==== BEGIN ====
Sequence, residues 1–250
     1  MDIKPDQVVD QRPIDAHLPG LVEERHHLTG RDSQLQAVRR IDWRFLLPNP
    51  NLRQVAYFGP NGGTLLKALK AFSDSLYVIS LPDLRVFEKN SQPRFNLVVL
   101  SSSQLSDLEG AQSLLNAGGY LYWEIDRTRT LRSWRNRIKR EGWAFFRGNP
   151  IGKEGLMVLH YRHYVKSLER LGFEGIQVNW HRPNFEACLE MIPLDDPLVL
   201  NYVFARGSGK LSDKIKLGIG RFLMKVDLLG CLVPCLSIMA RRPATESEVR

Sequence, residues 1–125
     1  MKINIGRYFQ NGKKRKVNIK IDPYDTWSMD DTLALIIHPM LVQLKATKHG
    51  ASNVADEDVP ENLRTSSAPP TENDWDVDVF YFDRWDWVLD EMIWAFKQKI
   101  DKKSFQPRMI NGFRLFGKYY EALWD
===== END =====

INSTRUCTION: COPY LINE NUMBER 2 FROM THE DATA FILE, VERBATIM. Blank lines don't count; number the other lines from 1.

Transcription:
     1  MDIKPDQVVD QRPIDAHLPG LVEERHHLTG RDSQLQAVRR IDWRFLLPNP